After officers referred a 29-year-old Douglas man for further inspection of his Isuzu SUV Oct. 14, a CBP narcotics-detection canine helped officers locate nearly 290 pounds of marijuana, worth approximately $145,000, hidden throughout the vehicle.
On October 16, when a 36-year-old male resident alien in a Ford pick-up truck attempted to enter the United States, a narcotics-detection canine alert led officers to find almost 157 pounds of marijuana, worth more than $78,000.
Officers seized the marijuana and vehicles, and turned both subjects over to Immigration and Customs Enforcement’s Homeland Security Investigations.
Border Patrol agents arrest 12, seize nearly $450K in drugs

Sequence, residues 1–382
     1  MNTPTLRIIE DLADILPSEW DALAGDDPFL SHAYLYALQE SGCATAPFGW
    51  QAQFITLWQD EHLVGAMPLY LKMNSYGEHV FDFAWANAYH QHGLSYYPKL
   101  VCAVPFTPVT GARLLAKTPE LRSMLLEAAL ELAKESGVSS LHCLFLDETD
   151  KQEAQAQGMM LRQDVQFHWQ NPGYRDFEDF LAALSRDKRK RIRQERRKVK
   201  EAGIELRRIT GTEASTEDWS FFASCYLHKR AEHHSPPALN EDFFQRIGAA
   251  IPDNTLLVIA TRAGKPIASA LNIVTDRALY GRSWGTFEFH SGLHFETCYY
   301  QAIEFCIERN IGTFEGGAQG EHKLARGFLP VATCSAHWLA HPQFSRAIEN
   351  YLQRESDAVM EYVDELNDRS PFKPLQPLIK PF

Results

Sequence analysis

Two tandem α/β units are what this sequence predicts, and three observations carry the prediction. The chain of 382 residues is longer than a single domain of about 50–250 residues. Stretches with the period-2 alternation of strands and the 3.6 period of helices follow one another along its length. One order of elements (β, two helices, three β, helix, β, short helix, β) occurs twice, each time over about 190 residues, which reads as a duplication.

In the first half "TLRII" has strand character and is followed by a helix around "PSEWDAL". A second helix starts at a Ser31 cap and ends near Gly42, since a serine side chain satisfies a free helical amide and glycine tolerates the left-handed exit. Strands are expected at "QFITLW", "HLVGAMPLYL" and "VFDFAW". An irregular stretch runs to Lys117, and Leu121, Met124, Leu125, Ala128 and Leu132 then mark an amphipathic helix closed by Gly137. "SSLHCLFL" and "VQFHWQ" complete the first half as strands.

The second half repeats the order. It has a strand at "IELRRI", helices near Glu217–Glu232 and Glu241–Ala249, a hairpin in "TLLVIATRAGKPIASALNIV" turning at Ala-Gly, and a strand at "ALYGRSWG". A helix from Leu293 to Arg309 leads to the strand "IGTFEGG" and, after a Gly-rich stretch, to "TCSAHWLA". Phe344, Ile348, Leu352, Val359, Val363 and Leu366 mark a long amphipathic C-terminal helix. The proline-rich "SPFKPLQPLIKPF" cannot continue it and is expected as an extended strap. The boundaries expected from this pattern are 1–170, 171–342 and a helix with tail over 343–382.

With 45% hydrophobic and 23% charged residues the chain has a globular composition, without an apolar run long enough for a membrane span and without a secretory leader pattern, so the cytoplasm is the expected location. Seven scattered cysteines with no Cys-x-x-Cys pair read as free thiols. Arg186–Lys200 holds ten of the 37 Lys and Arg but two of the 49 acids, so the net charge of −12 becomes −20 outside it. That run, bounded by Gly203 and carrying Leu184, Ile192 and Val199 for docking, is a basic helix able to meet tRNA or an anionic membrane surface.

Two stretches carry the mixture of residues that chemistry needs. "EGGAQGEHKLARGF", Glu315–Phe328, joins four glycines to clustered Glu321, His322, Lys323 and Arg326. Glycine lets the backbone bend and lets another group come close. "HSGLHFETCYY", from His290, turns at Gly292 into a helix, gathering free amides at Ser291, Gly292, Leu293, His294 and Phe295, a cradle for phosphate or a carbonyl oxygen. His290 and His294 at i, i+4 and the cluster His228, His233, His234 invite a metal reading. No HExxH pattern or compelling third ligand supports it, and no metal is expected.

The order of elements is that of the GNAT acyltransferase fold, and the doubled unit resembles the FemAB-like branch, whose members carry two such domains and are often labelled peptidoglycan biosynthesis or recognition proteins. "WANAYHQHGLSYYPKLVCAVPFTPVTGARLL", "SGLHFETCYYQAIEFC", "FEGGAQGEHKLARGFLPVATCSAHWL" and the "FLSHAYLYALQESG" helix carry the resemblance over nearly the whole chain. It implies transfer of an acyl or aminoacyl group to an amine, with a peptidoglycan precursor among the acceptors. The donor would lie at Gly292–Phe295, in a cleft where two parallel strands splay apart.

Wellton Station agents took a dozen illegal aliens into custody and confiscated nearly 900 pounds of marijuana Friday morning, October 14 worth almost $450,000.
At approximately 10 a.m., the group of suspected smugglers were seen hiking through the desert, carrying what appeared to be backpacks of marijuana, through a remote region about three miles south of the Sentinel Rest area.
Responding agents located and apprehended the group, all dressed in camouflage.
All subjects and the marijuana will be processed per Yuma Sector guidelines.
Federal law allows agents to charge individuals by complaint, a method that allows the filing of charges for criminal activity without inferring guilt. An individual is presumed innocent unless or until competent evidence is presented to a jury that establishes guilt beyond a reasonable doubt.
Yuma Sector Border Patrol agents effectively combat smuggling organizations attempting to illegally transport people and contraband through southwestern Arizona and California. Citizens can help the Border Patrol and U.S. Customs and Border Protection by calling 1-866-999-8727 toll-free to report suspicious activity. Callers can remain anonymous.